• increases the five-member ARB’s independence from the State Department.  Under current law, the Secretary of State appoints four of an ARB’s five members.  Under this legislation, the Secretary will appoint only two of the five members, with the Chair of the Council of Inspectors General of Integrity and Efficiency (the chief U.S. inspector general) appointing two members, and the Director of National Intelligence appointing the fifth member.
  • improves the staffing model of future ARBs.  Currently, an ARB relies on State Department employees to assist with the investigation of other State Department employees.  Under this legislation, ARB staff would be drawn from the Office of Inspector General.
  • eliminates potential conflicts of interest by banning individuals from serving as an ARB member or an ARB staffer if they have a personal or professional relationship with someone expected to be investigated.
  • enhances transparency and allows greater oversight of the ARB process.  Current law requires that the Secretary disclose only the names of the five ARB members.  This legislation requires the Secretary to disclose the names of any senior State Department employees tasked with assisting an ARB.
  • allows greater oversight.  Current law requires that the ARB submit a final report to the Secretary.  This legislation requires that the ARB also submit the final report to Congress.

According to data in congress.gov, H.R.1768 was introduced by Rep Royce, Edward R. [CA-39] on 4/26/2013. It currently has  16 cosponsors  and has been referred to the House Committee on Foreign Affairs.

We’ll post comments after we’ve seen the full text of H.R. 1768.

– DS

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State/OIG on Diplomatic Security’s Special Investigations Division – The Missing Firewall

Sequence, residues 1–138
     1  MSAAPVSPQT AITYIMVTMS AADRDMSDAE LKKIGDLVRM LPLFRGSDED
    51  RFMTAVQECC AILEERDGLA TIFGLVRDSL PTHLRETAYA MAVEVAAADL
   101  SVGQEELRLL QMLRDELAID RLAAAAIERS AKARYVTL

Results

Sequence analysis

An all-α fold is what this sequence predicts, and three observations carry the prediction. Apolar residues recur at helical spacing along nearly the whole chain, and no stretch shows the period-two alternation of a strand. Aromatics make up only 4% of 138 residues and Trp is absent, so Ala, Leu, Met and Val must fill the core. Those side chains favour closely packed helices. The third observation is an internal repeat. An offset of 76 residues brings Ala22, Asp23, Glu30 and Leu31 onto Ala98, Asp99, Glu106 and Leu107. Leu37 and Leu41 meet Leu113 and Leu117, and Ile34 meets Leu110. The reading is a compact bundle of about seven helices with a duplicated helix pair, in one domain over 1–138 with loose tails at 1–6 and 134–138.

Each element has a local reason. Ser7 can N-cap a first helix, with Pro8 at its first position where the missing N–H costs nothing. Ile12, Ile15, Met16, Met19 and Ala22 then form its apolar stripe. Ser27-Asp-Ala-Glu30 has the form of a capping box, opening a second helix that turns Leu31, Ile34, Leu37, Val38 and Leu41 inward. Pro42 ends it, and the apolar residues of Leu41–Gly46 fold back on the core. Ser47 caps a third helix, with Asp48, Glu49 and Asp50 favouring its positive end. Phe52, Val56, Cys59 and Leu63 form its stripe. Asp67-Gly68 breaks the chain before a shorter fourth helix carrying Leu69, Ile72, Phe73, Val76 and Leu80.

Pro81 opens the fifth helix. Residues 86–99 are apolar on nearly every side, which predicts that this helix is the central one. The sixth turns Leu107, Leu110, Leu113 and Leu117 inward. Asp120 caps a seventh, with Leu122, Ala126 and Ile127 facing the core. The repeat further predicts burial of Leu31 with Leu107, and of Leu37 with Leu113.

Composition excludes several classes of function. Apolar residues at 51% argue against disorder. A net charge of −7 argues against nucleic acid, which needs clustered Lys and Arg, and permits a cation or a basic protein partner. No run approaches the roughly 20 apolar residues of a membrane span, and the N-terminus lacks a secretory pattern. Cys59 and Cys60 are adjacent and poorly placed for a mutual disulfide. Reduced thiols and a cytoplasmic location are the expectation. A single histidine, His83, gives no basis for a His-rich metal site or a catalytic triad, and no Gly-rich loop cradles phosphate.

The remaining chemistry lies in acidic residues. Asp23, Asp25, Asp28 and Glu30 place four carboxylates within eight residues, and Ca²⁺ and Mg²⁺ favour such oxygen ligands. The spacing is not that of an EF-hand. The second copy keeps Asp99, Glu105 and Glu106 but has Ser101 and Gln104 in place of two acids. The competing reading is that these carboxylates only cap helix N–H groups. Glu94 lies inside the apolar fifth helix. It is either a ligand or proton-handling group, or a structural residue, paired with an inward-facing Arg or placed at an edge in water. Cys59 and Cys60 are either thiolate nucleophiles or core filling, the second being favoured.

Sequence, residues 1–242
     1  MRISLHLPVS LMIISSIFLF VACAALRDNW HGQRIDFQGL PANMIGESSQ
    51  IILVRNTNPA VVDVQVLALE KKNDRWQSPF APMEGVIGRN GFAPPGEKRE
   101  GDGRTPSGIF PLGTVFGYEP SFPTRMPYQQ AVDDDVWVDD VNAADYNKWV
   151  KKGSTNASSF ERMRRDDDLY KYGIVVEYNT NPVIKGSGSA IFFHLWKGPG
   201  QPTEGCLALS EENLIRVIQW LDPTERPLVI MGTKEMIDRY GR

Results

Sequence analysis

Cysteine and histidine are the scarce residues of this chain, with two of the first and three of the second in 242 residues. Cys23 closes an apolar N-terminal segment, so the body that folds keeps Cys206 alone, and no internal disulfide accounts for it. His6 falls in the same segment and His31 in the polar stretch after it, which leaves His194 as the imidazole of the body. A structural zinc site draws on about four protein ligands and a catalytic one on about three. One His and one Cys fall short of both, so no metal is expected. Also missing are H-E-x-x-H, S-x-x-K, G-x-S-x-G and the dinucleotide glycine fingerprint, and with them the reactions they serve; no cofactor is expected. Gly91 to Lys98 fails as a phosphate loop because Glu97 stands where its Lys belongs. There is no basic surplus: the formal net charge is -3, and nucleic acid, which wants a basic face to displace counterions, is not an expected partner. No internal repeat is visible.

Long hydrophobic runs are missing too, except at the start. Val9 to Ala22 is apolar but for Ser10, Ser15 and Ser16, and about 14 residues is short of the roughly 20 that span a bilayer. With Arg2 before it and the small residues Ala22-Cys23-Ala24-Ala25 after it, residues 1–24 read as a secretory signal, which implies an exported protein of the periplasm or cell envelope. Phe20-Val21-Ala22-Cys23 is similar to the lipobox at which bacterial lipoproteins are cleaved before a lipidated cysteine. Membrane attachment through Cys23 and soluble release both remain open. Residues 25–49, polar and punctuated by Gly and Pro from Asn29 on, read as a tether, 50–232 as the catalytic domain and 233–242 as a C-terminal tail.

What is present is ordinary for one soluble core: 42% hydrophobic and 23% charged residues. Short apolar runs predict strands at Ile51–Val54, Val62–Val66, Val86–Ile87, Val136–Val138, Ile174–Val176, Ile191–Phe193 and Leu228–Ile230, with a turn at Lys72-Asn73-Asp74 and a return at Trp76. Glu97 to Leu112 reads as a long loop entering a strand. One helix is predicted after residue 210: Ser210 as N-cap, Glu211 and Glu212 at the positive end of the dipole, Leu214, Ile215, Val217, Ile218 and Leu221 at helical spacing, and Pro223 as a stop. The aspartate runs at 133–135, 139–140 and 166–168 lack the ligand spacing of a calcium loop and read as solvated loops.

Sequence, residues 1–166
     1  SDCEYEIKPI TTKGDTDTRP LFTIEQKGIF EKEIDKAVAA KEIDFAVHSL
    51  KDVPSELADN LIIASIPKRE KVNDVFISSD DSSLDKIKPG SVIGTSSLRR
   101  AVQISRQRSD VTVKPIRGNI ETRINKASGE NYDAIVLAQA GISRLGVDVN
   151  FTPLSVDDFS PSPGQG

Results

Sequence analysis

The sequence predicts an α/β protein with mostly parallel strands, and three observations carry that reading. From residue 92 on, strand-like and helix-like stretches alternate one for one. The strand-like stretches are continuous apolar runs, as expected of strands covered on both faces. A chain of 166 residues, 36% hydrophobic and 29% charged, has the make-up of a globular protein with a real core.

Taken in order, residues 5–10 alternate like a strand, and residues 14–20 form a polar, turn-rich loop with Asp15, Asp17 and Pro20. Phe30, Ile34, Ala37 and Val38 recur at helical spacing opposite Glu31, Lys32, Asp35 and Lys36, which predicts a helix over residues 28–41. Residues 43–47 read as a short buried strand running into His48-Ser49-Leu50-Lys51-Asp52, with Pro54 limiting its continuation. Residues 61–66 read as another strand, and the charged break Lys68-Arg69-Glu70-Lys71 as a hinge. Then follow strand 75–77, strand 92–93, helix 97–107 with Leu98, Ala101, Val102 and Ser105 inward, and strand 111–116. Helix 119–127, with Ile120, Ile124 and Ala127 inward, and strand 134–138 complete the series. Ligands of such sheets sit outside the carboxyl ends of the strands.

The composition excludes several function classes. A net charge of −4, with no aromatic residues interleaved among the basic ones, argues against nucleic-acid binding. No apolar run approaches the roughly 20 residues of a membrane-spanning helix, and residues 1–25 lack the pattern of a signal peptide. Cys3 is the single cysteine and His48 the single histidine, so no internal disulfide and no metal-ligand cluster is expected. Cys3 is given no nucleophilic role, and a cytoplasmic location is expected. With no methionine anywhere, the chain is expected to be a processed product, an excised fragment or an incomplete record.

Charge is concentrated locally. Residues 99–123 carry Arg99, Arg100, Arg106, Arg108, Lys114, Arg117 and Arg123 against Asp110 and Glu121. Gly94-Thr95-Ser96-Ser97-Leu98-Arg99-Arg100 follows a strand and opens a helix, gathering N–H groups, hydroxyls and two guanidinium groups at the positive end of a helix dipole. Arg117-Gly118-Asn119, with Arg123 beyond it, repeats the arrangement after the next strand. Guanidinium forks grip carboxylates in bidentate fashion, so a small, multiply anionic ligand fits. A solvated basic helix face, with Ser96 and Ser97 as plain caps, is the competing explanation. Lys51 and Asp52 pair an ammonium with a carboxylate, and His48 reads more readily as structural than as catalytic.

State’s OIG recently posted online its review of the three divisions in Diplomatic Security’s Directorate of Domestic Operations:  1) the Special Investigations Division (SID), 2) the Criminal Investigations (CR) Division, and 3) the Computer Investigations and Forensics (CIF) Division.

Here are the key findings:

  • The Bureau of Diplomatic Security (DS) Special Investigations Division (SID), which investigates allegations of criminal and administrative misconduct, lacks a firewall to preclude the DS and Department of State (Department) hierarchies from exercising undue influence in particular cases.
  • DS does not have a comprehensive, up-to-date manual with approved policies and guidelines on how to conduct investigations.
  • DS’s quality assurance measures are not sufficient to ensure that investigations comport with law enforcement standards and powers. DS should use peer reviews to help correct flaws and identify best practices.
  • Frequent agent turnover in DS investigative offices reduces long-term, specialized expertise and hampers complex criminal investigations.
  • The Criminal Fraud Investigations (CFI) branch of the Criminal Investigations (CR) Division should become a new division.
  • DS and the Bureau of Consular Affairs (CA) have not completed a long-pending memorandum of understanding regarding CA’s Consular Integrity Division (CID).
  • Inspectors found personnel in the three Office of Investigations and Counterintelligence (ICI) divisions to be professional and dedicated to their jobs.

If you ever wonder why “it depends” is a common enough mantra over there, take a look:

The absence of a comprehensive, up-to-date manual increases the potential for errors, particularly for new agents who are forced to rely on on-the-job training. Inspectors discovered uncertainty among SID agents about which warnings to provide subjects prior to their interviews in investigations, though the wrong choice of warning can ruin a potential criminal prosecution. Inspectors were told that SID supervisors have sometimes pursued investigations excessively against other DS agents and that some supervisors have chosen to open cases on every allegation, including for those types of workplace issues that Department managers should ordinarily attempt to handle via other means. The likelihood of such problems increases when clear guidelines are lacking and individual preferences prevail.

Now, it’s not like this is a newly established office where folks are working from scratch. This office has been around forever investigating criminal and admin misconduct. It is utterly absurd  that it does not have an up-to-date manual. The OIG report mercifully did not say which version of the manual this office is operating under;  save folks the embarrassment of having to explain if the manual dates back to Jesse Helms days.